Wednesday, December 20, 2017

Giles denounced over Royal Commission

Former Northern Territory chief minister Adam Giles has been fiercely criticised for his testimony to the Royal Commission into the Protection and Detention of Children in the Northern Territory. In an interview with ABC Radio, former Commissioners Mick Gooda and Margaret White said Giles was an uncooperative and unhelpful witness. White said Giles “really was the only example of [a] lack of cooperation with the terms of reference, which was somewhat astonishing since he was the person who set the terms of reference for the Northern Territory”. Gooda said Giles “completely abrogated his responsibilities as chief minister, and had the gall to sit there and say he was coming along to give evidence to make things better for Aboriginal kids”. Giles did not prepare a statement for the Commission, admitted to not following the inquiry’s progress, and answered more than 60 questions by saying “I can’t recall”. White also hit out at the lack of political interest in the Commission’s recommendations, saying she found it “terribly depressing that those who get elected to high office seem disinterested in evidence-based solutions”.

Christian Porter has been confirmed as the federal government’s new Attorney-General, replacing George Brandis and becoming the most high-profile promotion in the end-of-year Cabinet reshuffle. Nationals Senator Darren Chester has been stripped of the infrastructure portfolio, with deputy prime minister Barnaby Joyce stepping into the role and new Nationals deputy leader Bridget McKenzie entering Cabinet as sport, rural health and regional communications minister. Chester’s demotion came after he voted for McKenzie in the Nationals’ recent leadership ballot over Joyce’s professed preference, Queensland Senator Matt Canavan. Arthur Sinodinos has resigned as industry minister for health reasons, while Brandis will be Australia’s new High Commissioner to the United Kingdom.

Australia will struggle to reach its carbon emissions reduction target of 26 to 28 per cent on 2000 levels by 2030, according to a new review of climate change policy. Released yesterday, the review reveals the government will soon allow companies to offset emissions by trading carbon credits from overseas. Former prime minister Tony Abbott expressed scepticism of such a scheme in 2011, arguing that overseas permits could be purchased from “dodgy carbon farms in Equatorial Guinea and Kazakhstan”. The Greens have also spoken out against the policy, with the party’s energy spokesperson Adam Bandt raising the prospect of businesses buying “dodgy permits from pig farms in China”.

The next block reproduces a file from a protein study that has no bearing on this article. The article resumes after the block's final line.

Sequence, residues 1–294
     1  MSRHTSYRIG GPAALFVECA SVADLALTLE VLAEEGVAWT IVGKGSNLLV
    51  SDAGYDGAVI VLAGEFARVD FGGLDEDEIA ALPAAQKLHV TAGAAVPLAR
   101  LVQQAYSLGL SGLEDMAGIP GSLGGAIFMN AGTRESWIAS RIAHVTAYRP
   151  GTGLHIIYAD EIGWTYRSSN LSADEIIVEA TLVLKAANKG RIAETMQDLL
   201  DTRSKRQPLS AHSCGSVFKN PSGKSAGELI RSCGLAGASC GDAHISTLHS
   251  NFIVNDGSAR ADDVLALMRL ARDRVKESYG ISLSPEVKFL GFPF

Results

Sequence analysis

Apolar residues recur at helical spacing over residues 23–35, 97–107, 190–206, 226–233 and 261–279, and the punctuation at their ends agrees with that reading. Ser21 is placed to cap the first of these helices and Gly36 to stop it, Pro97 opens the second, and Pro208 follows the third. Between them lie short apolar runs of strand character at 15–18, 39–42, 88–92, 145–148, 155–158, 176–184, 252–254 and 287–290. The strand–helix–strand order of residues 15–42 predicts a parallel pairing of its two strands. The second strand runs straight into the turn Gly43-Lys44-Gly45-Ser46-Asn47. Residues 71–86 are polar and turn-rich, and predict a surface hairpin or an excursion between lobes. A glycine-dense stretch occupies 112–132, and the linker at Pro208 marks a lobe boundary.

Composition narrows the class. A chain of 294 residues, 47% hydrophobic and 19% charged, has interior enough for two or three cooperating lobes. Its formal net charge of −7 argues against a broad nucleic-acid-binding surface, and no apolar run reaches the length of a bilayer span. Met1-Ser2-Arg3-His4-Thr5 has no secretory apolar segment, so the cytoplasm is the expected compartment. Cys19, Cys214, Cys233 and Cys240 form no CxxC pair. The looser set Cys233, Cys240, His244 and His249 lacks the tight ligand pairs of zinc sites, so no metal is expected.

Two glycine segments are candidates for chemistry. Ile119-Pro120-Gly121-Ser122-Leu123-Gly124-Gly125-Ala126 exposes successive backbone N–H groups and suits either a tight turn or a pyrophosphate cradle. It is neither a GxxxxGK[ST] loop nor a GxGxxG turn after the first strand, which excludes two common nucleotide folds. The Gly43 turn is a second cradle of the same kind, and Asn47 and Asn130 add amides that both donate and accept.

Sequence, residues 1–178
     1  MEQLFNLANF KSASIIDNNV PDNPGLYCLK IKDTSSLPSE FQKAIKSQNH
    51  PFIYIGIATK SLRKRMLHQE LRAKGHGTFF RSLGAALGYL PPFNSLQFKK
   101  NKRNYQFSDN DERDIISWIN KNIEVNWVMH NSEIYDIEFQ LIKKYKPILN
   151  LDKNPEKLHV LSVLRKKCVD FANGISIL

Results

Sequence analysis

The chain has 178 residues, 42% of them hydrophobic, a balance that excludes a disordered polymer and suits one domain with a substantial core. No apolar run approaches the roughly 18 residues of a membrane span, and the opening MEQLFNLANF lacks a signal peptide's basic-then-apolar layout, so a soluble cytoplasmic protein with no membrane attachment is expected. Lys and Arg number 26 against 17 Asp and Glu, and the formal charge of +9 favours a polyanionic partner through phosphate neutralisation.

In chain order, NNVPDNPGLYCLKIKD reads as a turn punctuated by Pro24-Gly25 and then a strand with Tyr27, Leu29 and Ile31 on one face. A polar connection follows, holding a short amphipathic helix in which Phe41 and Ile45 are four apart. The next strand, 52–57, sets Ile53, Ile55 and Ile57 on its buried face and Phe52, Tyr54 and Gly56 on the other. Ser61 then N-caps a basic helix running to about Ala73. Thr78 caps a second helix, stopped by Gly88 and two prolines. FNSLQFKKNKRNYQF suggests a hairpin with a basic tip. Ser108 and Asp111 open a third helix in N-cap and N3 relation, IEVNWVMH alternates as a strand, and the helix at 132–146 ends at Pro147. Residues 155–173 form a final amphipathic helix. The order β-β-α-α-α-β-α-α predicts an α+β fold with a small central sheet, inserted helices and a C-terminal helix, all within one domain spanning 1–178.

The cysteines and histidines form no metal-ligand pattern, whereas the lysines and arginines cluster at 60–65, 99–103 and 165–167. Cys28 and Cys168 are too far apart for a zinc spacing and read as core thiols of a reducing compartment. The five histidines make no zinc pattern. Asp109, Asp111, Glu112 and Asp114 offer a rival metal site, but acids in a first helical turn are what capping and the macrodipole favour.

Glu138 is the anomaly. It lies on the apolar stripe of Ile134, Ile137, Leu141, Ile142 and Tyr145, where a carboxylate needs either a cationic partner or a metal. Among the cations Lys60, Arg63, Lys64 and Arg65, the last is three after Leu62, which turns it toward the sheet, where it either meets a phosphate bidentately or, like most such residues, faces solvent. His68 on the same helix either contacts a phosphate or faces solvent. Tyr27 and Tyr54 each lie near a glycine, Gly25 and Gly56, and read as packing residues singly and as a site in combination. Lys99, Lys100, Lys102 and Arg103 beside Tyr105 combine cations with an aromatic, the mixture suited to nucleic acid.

And the Australian Federal Police has admitted to inadvertently broadcasting details of a raid on the home of an alleged North Korean agent on social media. AFP officers arrested a 59-year-old man in Sydney on Sunday, claiming he was planning to sell missile components and guidance systems to third-party countries to raise money for the North Korean regime. However, a video was streamed on the AFP’s Periscope account on Wednesday depicting the AFP’s media unit discussing how to manage publicity after the raid. One person on the video said officers were “not going in all guns blazing, it's only half-a-dozen people and a forensic van”, while another discussed the raid’s newsworthiness given “the PM will be standing up at some time on Sunday to talk about Bennelong”. An AFP spokesperson confirmed the video had been taken down, saying “the matter has been referred to the AFP's Security area for review”.

Open Quotemarks